This past July, the Harper government awarded a three year, $22.6 million contract to Ottawa-based CAE Inc., Canada’s leading supplier of aircraft modelling and flight simulation technology. Given the Harper government’s interest in developing drone-strike capabilities and its persistent rhetoric of the usefulness of drones in asserting Canada’s claim to the Arctic, this announcement is worrisome.
According to an official press release, the contract “covers support for experiments, mission rehearsals, demonstrations, exercises, as well as operational and maintenance training.” Much of the work outlined in the contract—which includes the option for two separate one year, $8.47 million extensions—is to be done at Carleton University’s Visualization and Simulation Centre.
“This is about saving lives,” gushed Carleton President Roseann Runte when the university announced the deal. “This is about saving money. It makes sense to locate such programs at universities, because that is where interdisciplinary training occurs.”
Soon, We’ll All Be Drones
The Canadian Forces have been using unarmed drones—unstaffed aerial combat vehicles (think planes without pilots)—for surveillance in Afghanistan since 2007. They’ve also used them in Canada’s Far North and in a slew of recent exercises in the Arctic.
If we rewind to last year’s NATO-led foreign intervention in Libya, however, we see that the Harper government wants Canadian drones to pack a harder punch.
Government documents obtained by the Ottawa Citizen show that in the dying days of the Libya mission, some of our senior defence leaders petitioned the government to spend up to $600 million to develop armed drones.
These requests didn’t fall on deaf ears. On July 23 of this year, Prime Minister Stephen Harper approved the Department of National Defence (DND)’s request for information about drone technology from industry leaders like CAE Inc. The request stated that these aircrafts should be able to carry precision-guided munitions to “allow the [Canadian Forces] to fill critical deficiencies,” for use in the Canadian Arctic. Companies are required to provide relevant figures by Sept. 28.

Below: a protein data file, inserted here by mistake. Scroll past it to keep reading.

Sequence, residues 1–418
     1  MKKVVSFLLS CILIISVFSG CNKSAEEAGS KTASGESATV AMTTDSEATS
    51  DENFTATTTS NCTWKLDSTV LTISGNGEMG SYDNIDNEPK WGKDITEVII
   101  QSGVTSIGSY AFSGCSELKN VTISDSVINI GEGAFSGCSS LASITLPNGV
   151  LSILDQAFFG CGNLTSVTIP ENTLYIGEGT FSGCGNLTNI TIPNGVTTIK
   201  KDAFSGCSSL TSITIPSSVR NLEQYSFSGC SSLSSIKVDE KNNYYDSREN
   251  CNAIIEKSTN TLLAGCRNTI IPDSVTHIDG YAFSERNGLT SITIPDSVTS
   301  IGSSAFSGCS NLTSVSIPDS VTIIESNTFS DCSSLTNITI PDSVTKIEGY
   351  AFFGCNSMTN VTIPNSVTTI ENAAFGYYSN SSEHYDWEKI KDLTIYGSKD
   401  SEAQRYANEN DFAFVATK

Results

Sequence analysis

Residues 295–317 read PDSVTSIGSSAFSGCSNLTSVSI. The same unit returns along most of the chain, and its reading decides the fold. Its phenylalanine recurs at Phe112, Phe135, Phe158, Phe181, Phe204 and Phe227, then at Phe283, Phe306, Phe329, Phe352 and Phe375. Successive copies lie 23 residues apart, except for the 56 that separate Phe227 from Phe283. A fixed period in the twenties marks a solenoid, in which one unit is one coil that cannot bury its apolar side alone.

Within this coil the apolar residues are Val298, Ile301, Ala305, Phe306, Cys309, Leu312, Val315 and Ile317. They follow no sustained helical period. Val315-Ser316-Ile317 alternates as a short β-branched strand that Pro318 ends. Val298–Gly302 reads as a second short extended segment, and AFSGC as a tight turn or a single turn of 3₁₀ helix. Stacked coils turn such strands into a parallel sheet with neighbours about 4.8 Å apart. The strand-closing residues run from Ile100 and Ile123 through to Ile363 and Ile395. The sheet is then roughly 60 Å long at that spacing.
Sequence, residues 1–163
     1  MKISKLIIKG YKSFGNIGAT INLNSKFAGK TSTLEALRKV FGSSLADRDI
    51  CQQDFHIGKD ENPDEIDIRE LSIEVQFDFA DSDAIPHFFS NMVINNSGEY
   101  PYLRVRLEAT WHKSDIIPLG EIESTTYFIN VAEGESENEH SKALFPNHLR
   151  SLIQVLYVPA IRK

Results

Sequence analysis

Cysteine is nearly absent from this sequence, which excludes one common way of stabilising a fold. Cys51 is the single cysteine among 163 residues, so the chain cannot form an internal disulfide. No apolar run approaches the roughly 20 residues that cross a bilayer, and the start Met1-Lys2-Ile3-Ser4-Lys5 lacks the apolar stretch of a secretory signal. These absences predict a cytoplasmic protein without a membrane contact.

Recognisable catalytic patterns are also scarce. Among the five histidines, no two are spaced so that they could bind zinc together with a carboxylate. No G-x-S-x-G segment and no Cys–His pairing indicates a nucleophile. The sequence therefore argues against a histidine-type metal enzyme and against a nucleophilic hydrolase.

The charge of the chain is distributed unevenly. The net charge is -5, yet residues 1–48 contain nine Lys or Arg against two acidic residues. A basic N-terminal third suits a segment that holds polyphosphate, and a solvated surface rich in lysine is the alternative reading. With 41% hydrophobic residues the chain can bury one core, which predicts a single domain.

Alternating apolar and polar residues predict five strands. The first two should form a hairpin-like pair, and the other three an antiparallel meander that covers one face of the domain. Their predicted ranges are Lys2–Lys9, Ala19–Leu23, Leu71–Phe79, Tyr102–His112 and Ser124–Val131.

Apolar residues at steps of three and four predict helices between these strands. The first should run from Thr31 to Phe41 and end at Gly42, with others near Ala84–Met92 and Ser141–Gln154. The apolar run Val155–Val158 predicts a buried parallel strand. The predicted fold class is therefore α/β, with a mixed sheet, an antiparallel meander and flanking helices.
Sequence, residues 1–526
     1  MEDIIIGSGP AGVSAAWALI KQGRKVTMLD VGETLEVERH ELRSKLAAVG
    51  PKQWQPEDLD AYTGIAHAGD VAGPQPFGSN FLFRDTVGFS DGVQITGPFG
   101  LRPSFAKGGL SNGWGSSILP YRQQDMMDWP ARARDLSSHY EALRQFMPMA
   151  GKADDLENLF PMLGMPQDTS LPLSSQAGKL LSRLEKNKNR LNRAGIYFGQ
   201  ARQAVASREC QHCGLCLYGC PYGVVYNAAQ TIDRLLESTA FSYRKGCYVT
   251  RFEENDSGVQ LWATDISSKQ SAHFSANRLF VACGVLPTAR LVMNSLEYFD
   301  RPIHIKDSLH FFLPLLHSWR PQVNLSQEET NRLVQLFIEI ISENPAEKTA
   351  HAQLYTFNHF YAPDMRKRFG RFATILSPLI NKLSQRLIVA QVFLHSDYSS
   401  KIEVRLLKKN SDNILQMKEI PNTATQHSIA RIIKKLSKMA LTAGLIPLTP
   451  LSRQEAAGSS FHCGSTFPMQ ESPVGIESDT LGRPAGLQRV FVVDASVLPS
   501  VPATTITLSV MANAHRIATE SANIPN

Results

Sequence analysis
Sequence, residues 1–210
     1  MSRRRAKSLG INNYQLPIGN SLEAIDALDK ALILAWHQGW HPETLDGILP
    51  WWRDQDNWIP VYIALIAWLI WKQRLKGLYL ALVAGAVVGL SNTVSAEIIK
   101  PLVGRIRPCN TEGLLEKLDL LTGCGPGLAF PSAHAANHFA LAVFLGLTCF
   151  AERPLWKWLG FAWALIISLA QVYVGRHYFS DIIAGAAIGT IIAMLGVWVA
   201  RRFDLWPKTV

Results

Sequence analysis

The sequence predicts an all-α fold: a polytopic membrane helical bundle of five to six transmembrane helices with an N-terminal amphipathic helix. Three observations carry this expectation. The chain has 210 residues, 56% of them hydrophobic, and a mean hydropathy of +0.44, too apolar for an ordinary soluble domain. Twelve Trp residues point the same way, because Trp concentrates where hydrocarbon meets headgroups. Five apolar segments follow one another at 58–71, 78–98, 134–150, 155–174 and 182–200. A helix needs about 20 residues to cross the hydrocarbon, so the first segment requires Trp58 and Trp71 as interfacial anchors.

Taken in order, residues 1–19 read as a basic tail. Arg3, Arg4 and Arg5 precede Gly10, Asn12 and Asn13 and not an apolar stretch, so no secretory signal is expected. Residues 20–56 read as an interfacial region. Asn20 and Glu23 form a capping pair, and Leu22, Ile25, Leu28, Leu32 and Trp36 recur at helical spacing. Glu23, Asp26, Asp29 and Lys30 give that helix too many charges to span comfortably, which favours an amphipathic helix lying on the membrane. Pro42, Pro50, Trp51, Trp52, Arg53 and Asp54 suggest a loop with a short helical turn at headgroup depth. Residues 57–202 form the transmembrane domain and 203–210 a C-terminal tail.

According to the same documents from DND, the government’s budget for these drones is around $1 billion. The push for drones comes at a time when our government plans to buy 65 F-35 fighter jets for a seemingly indeterminate amount of money.
Originally, the government had planned to purchase the jets for $16 billion, but has since admitted that those figures may not be accurate. Inaccurate financial projections and the fact that the F-35s may not give Canadians the best bang for their tax bucks, considering they would not be operational until at least 2018, have invited criticism of the Harper government on this issue.
For once, however, the most pressing issue may not have anything to do with budgets, jobs, or the idealized economy. Instead, we might ask, what is Canada planning to do with these drones?
Drones in their current form first appeared over Bosnia in 1994. American armed forces found drones singularly useful in monitoring the movements of opposition troops.
2001 saw the first use of armed drones when the U.S. used them to support military operations in Afghanistan. In Feb. 2002, the U.S. made history by using a drone to strike at an individual target that the government claimed to be Osama Bin Laden. It was the first time that a drone strike had been used to strike a target on its own, rather than support a ground forces operation.
Since then, the Bush and Obama administrations have used armed drones to enforce American foreign policy objectives on the other side of the planet without risking the loss of American lives.
The use of American drones in Pakistan to strike strategic, non-military targets without having American forces on the ground has led to tense political dialogue, highlighted by the release of President Obama’s “kill list.” This list was released earlier this year and names individuals to be targeted and killed by drones for political purposes.
Canadians need not think that there is anything intrinsically wrong with the use of drones in warfare. They are merely a more sophisticated form of the hot-air balloon, the airplane, and the cruise missile. What Canadians should ask, however, is what role Canada will play in the unfolding legacy of drones as instruments of terror and assassination.
What does our government intend to do with our drones, if and when we get them? If, as Carleton President Runte said, the program at Carleton is about “saving lives,” we should ask our government and the university to dig a little deeper.
Are we able to save lives by becoming drones ourselves, or are lives saved by challenging how those in power use resources for the development of technology that might, were it not in flight over the Arctic plains, be beneficial for us all?
This article first appeared in the Leveller, Vol. 5, No. 1.